We’ve had two solid installments of The Walking Dead in a row. Could a Eugene and Dwight centered episode hat trick of the season?
The episode opens with Dwight discovering that Daryl is gone (guess this means we’re flashing back a few weeks). He also finds the note that Sherry slipped to Daryl. All this happens right as Negan and The Saviors are returning from Alexandria after the midseason finale. As you might imagine, Negan is not pleased to see that his prized prisoner and (arguably) best-looking wife have fled. This failure results in Dwight receiving a thorough ass kicking and being locked in solitary for a bit.
Meanwhile, Eugene is a blubbering mess. After being unloaded from Negan’s truck, one of The Saviors leads him to what he (and the audience) believes will be a prison cell and/or torture chamber. In reality, it turns out to be a pretty sweet pad—fully furnished and a heck of a lot nicer than any dorm room I had in college. It even had a sound system, which Eugene instantly utilizes by cranking out—and bobbing his head to—some Easy Street.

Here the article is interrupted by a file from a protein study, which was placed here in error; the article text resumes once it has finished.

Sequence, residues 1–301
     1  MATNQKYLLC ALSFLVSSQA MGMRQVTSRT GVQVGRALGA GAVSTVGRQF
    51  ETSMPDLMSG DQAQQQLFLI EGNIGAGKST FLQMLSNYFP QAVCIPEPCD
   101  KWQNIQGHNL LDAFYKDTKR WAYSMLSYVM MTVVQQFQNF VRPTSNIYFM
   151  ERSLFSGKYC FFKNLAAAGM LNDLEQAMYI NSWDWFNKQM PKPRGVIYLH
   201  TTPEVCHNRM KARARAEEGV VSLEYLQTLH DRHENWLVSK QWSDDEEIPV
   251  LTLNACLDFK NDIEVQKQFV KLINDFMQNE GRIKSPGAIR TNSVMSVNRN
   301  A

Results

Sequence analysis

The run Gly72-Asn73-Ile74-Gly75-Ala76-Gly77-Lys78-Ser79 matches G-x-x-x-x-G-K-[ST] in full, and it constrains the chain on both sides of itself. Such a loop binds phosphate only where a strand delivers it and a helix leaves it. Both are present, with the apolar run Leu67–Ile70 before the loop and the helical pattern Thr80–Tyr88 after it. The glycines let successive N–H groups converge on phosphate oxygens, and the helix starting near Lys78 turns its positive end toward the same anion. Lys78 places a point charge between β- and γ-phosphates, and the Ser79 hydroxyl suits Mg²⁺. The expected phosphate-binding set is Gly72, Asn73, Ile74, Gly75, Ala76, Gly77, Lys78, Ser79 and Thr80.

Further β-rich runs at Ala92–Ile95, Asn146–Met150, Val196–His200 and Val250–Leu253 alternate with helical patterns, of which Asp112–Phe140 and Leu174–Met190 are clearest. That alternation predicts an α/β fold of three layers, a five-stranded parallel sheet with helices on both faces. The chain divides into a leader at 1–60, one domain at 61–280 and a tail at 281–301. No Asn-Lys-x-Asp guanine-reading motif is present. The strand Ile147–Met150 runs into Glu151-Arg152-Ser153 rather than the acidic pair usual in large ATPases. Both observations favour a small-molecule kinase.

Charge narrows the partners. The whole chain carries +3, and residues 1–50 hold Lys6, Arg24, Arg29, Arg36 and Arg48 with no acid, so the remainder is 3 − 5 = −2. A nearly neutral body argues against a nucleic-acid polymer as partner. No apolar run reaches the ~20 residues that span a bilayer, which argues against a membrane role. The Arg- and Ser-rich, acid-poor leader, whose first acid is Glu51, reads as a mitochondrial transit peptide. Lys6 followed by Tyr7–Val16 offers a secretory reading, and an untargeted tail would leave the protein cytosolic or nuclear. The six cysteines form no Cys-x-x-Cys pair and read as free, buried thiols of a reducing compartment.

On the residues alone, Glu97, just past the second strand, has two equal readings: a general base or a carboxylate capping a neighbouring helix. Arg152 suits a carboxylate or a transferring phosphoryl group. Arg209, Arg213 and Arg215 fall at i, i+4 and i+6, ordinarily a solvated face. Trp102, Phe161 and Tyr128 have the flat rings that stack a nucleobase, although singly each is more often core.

As funny as this moment is, it’s also a very important one. Remember how that song made Daryl (and the rest of us) want to tear our hair out? That’s not how it’s going to be Eugene. Whether it’s due to his consistently concrete reasoning or a potential willingness to embrace The Saviors, the mulleted one will not need to be broken…at least not in the same way Daryl was.
After Dwight is released from solitary, Negan informs him that he’s pretty darn sure Sherry helped Daryl escape. If I were Dwight, this would be the point where I’d scream “That’s because you let her wander around here like a ghost who was haunting the place, you smug a-----e!” Instead, he promises to track Sherry down and get her back.
While he’s being stitched up, Dr. Carson tells Dwight that Sherry had too big of a heart to survive living with at the Sanctuary—or to let Daryl continue to remain as Negan’s prisoner. Dwight seemed to agree.
Eugene’s Eusocial Education